Scientists at St George’s, University of London have discovered a new reagent that shows real-time brain behavior in more detail than previously possible.
Image credit: St George's, University of London
Researchers can now visualize messaging at the synapses - which takes place on a millisecond timescale, using an ultrafast sensor which binds to glutamate.
Nerve cells communicate via synapses, which transfer messages from one neuron to the next via small molecules such as glutamate. Although sensors have earlier been designed to help scientists observe this signaling, it occurs so very fast that even the best sensors have been incapable of accurately monitoring the process thus far.
The sensor, iGluu, will currently be made available to other scientists who may be working on either the central properties of neuronal signaling or on neurodegenerative diseases such as Alzheimer’s and Huntington’ disease. The sensor will help expose what makes glutamate signaling incorrect in these conditions.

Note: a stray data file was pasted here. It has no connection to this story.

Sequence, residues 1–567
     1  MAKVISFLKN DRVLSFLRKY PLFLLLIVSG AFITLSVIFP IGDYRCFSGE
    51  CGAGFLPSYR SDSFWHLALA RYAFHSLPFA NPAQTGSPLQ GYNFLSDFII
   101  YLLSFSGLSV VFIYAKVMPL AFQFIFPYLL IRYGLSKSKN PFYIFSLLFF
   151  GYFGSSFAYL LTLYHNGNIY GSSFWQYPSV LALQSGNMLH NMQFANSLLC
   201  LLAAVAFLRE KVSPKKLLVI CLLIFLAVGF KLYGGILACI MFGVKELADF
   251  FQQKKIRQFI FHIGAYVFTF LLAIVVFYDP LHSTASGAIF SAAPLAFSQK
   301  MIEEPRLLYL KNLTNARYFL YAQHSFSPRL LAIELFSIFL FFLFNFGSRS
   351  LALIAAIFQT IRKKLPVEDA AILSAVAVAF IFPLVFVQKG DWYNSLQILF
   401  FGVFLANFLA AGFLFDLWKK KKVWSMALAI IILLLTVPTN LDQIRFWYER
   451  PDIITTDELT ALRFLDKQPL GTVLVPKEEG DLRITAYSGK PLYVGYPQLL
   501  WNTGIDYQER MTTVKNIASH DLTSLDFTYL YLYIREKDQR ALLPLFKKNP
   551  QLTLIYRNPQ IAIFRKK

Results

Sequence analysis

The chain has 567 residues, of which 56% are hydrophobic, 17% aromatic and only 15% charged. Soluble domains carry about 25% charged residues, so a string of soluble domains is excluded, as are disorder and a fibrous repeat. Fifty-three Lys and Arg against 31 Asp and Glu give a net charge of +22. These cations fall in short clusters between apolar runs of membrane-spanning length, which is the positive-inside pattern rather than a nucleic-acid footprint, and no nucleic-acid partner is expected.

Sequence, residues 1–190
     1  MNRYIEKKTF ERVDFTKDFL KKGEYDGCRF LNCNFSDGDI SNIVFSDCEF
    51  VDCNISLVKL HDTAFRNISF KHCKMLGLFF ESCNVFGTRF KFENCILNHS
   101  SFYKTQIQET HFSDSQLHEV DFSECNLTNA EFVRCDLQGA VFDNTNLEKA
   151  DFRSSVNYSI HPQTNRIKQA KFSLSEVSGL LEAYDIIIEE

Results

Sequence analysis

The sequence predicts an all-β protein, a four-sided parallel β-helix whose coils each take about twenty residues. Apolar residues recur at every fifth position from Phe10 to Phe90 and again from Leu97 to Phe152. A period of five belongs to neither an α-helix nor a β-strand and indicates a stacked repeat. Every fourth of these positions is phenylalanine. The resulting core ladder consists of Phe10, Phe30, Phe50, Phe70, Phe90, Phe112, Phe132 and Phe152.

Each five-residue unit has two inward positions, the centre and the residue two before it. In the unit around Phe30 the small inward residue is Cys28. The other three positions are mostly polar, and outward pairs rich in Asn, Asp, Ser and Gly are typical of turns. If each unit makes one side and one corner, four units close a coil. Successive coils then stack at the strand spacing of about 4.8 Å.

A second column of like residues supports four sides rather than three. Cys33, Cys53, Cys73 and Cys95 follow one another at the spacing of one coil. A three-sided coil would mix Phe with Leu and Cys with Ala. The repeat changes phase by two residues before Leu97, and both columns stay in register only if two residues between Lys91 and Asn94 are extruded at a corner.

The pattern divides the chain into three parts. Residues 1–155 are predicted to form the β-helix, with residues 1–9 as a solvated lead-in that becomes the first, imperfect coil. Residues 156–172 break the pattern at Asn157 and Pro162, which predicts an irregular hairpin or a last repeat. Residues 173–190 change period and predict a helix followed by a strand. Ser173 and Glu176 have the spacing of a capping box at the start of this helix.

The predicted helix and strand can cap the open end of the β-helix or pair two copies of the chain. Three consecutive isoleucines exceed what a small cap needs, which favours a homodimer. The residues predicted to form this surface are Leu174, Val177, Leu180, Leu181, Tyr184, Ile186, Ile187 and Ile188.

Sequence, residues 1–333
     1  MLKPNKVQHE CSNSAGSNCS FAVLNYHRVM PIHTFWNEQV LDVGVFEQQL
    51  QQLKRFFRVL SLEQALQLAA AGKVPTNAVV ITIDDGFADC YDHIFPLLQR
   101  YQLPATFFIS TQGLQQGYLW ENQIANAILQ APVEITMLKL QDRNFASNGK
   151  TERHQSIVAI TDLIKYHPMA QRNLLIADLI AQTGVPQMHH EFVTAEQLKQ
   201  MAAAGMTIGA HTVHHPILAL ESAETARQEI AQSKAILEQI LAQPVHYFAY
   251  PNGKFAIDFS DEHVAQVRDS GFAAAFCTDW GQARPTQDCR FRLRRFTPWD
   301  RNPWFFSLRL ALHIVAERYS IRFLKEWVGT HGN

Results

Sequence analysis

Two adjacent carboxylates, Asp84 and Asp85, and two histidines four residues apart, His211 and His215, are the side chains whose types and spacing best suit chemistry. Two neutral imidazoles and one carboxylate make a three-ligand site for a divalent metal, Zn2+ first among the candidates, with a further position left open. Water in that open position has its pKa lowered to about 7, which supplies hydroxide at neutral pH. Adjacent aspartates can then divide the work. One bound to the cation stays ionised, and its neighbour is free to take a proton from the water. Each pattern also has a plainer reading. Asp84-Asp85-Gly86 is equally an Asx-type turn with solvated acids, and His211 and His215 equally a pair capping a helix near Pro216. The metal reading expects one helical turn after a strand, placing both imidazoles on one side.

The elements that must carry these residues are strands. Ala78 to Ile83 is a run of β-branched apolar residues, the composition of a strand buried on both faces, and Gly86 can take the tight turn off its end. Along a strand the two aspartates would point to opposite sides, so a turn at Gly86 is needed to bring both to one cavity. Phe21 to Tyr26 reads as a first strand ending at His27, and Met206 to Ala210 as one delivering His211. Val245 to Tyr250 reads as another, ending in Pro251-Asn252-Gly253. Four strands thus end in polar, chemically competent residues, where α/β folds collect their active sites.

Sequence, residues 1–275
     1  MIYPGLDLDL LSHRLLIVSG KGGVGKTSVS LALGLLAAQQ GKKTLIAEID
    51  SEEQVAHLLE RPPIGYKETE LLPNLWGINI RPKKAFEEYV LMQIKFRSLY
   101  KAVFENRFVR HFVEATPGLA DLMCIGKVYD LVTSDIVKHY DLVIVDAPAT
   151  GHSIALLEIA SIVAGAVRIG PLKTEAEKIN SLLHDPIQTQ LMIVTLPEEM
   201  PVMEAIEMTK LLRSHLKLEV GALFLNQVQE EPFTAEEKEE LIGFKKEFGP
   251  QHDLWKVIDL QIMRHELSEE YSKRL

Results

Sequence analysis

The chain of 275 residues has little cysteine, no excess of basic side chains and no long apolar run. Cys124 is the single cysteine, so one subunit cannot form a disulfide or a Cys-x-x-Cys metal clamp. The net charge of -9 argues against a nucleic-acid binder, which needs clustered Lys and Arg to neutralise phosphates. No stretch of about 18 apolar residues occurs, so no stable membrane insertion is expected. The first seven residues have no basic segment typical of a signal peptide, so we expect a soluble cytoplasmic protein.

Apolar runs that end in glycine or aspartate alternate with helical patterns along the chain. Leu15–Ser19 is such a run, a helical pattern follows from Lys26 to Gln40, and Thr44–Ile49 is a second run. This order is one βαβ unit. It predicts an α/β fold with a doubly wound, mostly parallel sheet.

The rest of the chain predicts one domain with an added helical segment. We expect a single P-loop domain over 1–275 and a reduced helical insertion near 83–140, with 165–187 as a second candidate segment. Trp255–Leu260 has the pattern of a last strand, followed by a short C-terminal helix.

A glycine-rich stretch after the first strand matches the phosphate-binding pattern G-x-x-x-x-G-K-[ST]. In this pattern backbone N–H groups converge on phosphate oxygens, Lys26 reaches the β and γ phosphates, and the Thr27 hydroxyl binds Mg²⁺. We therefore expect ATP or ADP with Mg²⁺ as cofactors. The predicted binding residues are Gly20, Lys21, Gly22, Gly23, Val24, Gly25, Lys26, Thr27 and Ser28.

This sensor has helped us to answer long-standing questions about the complex molecular mechanisms that occur during neuronal signaling. We can now directly demonstrate that neurotransmitter glutamate is rapidly cleared from the synapse. We now have a sensor to look at synapses in more detail than ever before, this will allow researchers to test theories about how the brain functions.
Katalin Török, Reader in Cell Biology at St George’s, University of London
The study has been published in Proceedings of the National Academy of Sciences of the United States of America (PNAS).